Jessica Mathur, a GP from London, was surprised when she became ill with altitude sickness during a holiday in Peru.
"I was 19 and pretty fit when I went on a tour of Peru with two female friends. Like me, they were students who were looking for adventure.
"We arrived late in the day at the city of Cusco in the Andes mountains, 3,500m above sea level. While sightseeing in the town the next morning, I began to feel unwell. Even when walking along a flat street I felt quite breathless and unable to keep up with my friends. I vomited, had a bit of a headache and generally had to do everything extremely slowly.
"I found it difficult to believe that I had altitude sickness. I just didn't expect it would happen to me. I recognised what it was because it's in every guide book.
"I became quite grumpy because I knew I was holding the others back. I tried to just do things that took the minimum effort, but that didn't help. I had nausea the whole time and felt 40 years older.
"We travelled on by train to the lost Inca city of Machu Picchu, which is 2,430m above sea level. We were at these high altitudes for four or five days and I was ill the entire time.
"We weren't high up for the rest of the holiday, except during a hike in the Andes. My altitude sickness came back, which surprised me because we were in the foothills.
"I only had a mildcase and didn't have any serious consequences,but I couldn't really enjoy my time at high altitude much.
"We didn't do any real climbing in the mountains. I didn't think it was wise to go up any higher. The altitude sickness didn't affect my friends and I found that annoying and a bit embarrassing because it just looked like I was very unfit.
"I told my friends I thought I had altitude sickness. The warnings say you must make sure other people know about it because there is a danger that your judgement can become clouded. Because of this, some people often resist the advice to go to a lower altitude when itbecomes necessary.
"As neither of my friends wereaffected, I thought it would be hard for them to believe I was feeling really unwell, but they were very understanding.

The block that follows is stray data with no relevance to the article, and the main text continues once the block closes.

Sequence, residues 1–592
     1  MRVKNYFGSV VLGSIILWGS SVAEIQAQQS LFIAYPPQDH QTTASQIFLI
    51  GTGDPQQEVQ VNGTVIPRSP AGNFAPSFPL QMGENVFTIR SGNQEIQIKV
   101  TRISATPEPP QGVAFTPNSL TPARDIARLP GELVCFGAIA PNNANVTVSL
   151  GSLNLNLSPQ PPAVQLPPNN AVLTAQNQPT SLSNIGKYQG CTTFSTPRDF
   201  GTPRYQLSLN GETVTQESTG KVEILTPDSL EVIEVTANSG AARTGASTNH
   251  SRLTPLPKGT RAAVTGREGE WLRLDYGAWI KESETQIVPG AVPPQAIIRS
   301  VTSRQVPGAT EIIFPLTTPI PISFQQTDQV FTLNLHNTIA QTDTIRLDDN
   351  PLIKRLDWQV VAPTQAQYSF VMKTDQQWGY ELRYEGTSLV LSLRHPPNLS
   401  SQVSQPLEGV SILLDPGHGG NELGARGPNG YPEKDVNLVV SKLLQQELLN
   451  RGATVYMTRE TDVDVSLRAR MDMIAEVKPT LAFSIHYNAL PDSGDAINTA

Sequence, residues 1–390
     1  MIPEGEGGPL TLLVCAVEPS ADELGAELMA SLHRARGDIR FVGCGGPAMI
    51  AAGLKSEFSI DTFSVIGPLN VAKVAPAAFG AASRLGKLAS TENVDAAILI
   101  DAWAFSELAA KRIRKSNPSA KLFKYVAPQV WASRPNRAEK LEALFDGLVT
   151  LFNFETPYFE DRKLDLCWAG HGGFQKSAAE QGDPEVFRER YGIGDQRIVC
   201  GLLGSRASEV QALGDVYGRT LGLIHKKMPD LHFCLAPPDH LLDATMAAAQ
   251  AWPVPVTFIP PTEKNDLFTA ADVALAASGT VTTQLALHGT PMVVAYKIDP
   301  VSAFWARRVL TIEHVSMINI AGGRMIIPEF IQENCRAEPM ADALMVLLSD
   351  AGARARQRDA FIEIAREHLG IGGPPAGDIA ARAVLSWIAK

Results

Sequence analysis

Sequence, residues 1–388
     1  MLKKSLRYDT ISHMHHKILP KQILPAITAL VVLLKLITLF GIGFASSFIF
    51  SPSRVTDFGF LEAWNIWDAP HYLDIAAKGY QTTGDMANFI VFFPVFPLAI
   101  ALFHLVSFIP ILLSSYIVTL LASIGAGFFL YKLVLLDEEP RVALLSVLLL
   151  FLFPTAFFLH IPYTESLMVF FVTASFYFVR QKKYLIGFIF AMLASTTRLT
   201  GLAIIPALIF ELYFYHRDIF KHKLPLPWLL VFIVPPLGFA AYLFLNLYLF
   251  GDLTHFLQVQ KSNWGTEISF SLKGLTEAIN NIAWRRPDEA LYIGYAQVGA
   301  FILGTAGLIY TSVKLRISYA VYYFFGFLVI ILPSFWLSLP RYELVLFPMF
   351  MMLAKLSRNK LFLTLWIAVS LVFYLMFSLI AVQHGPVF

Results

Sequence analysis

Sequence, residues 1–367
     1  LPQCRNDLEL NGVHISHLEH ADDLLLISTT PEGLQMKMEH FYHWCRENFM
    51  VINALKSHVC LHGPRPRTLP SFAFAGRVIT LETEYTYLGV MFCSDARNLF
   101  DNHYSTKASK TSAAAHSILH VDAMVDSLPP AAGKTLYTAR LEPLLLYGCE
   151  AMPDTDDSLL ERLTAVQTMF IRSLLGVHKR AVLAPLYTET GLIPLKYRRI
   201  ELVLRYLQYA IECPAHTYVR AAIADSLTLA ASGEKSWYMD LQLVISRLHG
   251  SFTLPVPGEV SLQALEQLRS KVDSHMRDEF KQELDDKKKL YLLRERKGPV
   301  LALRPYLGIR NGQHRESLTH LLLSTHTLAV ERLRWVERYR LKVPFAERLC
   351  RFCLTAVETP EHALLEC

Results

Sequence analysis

"Nobody suggested I should go back down to a lower altitude. I wasn't so badly affected. I wanted to see the things we came to see and I felt lucky that thealtitude sickness was mild.
"I haven't gone to a high altitude since then. I did have the opportunity to go up Mount Kilimanjaro in Tanzania, which is 5,895m above sea level, but I didn't want to go through altitude sickness again."
Altitude sickness is a common condition that can occur when you climb to a high altitude too quickly. Just because you haven't had it before doesn't mean you won't develop it on another trip.
Symptoms of altitude sickness usually develop between 6 and 24 hours after ascending to high altitude and can be similar to a bad hangover.
Altitude sickness can be treated by descending to a lower altitude, oxygen treatment, and different types of medication. If you have symptoms of mild altitude sickness, you shouldn't go any higher for at least 24 to 48 hours.
Altitude sickness can cause potentially life-threatening conditions that affect the brain or lungs.If HACE isn't treated immediately, it's likely it will be fatal. Immediate descent to a lower altitude is necessary to prevent this.
Proper acclimatisation to altitudes of 2,500m (just over 8,200 feet) or above is the best way to prevent altitude sickness. Ascending slowly will give your body time to adapt to the change in altitude.
Jessica Mathur, a GP from London, was surprised when she became ill with altitude sickness during a holiday in Peru. I found it difficult to believe that I had altitude sickness. I just didn't expect it would happen to me.
After years of mountain climbing, David Hillebrandt learnt how to deal with his altitude sickness. "It's still as bad as it was 30 years ago. The only difference is that now I know how to deal with it."